The Empire Strikes Back: A Theology 40 Years in the Making

40 years old. Wow. I remember The Empire Strikes back absolutely unsettling me as a kid. My dad showed me A New Hope, a movie that while not without its dark moments, ended with a glimmer of triumph for the rebels. When I saw The Empire Strikes Back for the first I was turned off by it. From the scenes of Luke in the Wampa’s cave to Luke in the bacta tank to Luke losing his hand (theme?), I was completely sure this was nothing but a sci-fi movie chock full of dark scenes of hopelessness.

As the last words disappear from the open crawl, we are cast into space, alongside one of Darth Vader’s search probes as it heads for a crash landing on Hoth. The rebels are in danger. We’re beginning in the middle of things.

As the film commences, we only see the broad strokes of the story; we know only the middle and are dragged along to the end. What’s more, this notion of beginning in the middle of things is repeatedly explored in the film through the symbolism of rebirth. Early in the film, Luke Skywalker is “reborn” when he violently crawls his way out from the wampa’s cave. Found by Han Solo, he’s placed in a tauntaun’s abdomen to keep from freezing to death.

Luke’s second rebirth is the result of a challenging gestation period on Dagobah, where Yoda trains him in the ways of the Force. It is a birth that will bring him into a new life — birthed perhaps prematurely but definitely strong — and into a time when he is much needed and expected.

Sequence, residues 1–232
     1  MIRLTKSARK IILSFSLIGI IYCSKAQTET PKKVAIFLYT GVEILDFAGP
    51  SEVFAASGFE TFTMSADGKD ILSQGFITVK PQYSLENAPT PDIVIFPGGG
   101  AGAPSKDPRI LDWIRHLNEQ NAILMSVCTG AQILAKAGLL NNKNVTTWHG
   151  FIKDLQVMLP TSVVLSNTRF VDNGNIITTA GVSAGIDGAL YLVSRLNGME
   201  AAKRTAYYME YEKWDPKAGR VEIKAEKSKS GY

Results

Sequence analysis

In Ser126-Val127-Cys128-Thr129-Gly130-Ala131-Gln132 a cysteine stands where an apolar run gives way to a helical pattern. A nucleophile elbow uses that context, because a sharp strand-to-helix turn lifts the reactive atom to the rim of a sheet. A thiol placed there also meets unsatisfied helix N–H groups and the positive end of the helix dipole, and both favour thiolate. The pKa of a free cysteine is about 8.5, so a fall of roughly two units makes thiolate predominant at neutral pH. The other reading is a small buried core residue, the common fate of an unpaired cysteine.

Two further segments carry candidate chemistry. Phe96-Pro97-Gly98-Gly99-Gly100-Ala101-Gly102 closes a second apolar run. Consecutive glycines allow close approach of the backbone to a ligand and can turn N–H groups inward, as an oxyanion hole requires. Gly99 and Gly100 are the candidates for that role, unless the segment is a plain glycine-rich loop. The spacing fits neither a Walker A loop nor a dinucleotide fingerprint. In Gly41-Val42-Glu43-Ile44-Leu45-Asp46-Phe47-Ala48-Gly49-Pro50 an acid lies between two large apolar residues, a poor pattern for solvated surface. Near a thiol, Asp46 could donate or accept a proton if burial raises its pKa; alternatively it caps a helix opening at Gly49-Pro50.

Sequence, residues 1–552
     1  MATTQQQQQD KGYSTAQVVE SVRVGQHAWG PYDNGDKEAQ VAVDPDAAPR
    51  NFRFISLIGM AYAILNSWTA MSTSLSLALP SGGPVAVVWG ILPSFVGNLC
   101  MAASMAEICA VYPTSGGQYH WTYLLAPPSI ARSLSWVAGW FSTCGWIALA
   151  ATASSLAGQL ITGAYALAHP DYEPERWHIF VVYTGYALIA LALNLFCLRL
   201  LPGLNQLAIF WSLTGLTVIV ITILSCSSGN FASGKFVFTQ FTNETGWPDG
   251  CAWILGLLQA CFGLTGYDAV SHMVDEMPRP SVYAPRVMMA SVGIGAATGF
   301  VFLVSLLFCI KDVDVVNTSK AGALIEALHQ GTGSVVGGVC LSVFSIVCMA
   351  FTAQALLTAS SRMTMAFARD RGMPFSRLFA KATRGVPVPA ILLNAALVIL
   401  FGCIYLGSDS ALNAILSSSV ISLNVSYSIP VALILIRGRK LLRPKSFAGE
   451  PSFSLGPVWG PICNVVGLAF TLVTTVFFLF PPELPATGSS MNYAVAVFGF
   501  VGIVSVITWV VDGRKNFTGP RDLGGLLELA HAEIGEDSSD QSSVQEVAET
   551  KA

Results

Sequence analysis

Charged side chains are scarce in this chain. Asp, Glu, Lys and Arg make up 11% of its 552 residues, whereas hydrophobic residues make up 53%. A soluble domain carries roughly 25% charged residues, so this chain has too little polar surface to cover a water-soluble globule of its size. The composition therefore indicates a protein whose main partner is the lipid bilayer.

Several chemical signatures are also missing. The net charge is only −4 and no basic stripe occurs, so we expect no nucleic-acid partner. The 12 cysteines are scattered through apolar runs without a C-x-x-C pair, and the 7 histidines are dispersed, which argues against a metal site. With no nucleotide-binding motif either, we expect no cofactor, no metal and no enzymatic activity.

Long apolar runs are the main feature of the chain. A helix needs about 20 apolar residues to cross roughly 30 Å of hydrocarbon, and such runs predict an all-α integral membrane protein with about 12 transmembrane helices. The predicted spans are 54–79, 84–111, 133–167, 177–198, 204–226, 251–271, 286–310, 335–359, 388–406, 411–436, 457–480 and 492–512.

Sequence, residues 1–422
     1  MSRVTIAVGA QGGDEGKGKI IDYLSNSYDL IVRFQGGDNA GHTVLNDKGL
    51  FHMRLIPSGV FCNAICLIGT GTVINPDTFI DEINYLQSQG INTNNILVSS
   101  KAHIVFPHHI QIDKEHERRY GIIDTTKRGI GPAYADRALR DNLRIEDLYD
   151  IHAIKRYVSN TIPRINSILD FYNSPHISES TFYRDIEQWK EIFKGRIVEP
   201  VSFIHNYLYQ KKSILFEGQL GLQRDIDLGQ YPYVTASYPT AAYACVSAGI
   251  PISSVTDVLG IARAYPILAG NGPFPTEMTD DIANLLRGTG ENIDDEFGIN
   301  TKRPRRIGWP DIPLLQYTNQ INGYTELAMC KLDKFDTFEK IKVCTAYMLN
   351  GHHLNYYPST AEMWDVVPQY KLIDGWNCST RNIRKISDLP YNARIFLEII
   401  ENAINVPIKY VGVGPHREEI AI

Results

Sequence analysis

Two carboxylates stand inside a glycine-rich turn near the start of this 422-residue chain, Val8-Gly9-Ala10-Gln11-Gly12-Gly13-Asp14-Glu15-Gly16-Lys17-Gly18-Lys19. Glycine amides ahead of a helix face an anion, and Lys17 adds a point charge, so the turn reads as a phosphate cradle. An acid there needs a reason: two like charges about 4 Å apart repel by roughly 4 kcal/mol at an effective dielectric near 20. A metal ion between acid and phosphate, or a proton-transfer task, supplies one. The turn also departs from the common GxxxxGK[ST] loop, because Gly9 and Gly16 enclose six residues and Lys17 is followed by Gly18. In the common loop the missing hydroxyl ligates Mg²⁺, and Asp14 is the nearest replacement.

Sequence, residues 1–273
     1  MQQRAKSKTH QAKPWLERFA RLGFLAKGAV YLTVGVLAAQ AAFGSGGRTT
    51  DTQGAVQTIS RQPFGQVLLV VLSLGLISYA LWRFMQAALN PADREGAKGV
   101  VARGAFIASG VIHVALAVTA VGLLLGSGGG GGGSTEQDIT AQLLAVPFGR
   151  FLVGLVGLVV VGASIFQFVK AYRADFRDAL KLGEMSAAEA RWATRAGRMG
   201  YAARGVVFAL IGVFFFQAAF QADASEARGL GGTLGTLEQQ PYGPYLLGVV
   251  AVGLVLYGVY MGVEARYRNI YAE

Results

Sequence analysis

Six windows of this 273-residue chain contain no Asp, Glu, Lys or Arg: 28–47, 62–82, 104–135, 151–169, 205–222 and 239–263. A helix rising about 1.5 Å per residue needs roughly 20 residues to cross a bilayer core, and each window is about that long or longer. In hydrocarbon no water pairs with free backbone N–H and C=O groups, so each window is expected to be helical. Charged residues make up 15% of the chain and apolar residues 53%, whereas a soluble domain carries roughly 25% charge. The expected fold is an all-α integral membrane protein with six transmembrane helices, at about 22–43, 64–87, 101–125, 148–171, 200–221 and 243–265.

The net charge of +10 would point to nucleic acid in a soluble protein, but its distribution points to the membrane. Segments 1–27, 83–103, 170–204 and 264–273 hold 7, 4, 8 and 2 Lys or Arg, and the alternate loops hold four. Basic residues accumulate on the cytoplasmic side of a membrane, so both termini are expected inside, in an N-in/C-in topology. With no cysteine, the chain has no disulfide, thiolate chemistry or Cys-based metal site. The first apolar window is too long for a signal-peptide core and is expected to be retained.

Walter Brueggemann once wrote,

“Being born again peculiarly — and public — is to learn to live with the staggering freedom of being fully the beloved. That birth in turn entails love of the light, to be ruled out of the world of calculation into utter gospel-given, peaceable freedom and well-being.”

In Luke’s case, his rebirth after Dagobah is a time to publicly begin a new life, to be born into a peculiar family, to be born through the Force, to leave his anger behind, to be redeemed of his past personal sins and — unbeknownst to him (although foreshadowed in the cave at Dagobah) — of generational sin.

Unlike Han Solo, who is looking to leave the rebels and cowers from leadership in an effort to save himself, Luke is eagerly and courageously reborn into a time when the galaxy desperately needs the possibility of what he can become. He is thus reborn, not only for himself but as an integral part of the rebellion and as a hope for all those threatened by the oppression of the Empire.

Luke is reborn into a time when the galaxy desperately needs what he can become.

I now love the Empire Strikes Back. Many say it’s the best Star Wars film. I can’t say I disagree.

The Empire Strikes Back is no longer a movie that I turn away from. Rather, I see it as a movie that challenges humankind. A movie that challenges me deep in my soul. In this time of rampant egocentrism, in the midst of desperate need and with the world waiting for heroes to be born, may we act upon the power and command of our rebirth, may we be born for others and may we be born into action. May we have the courage to be born publicly and peculiarly into the middle of things.





Poetry. Prose. All the hits so far. Don’t expect too much. Musings on theology. Thoughts on life, death, and the dash betwixt and between.

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Happy Christian Nihilist

Happy Christian Nihilist

Poetry. Prose. All the hits so far. Don’t expect too much. Musings on theology. Thoughts on life, death, and the dash betwixt and between.

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